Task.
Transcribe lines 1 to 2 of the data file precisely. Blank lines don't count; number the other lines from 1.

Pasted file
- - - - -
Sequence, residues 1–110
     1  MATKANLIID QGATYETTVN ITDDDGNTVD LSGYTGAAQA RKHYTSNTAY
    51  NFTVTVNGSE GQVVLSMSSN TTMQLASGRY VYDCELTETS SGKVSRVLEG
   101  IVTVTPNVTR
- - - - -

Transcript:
Sequence, residues 1–110
     1  MATKANLIID QGATYETTVN ITDDDGNTVD LSGYTGAAQA RKHYTSNTAY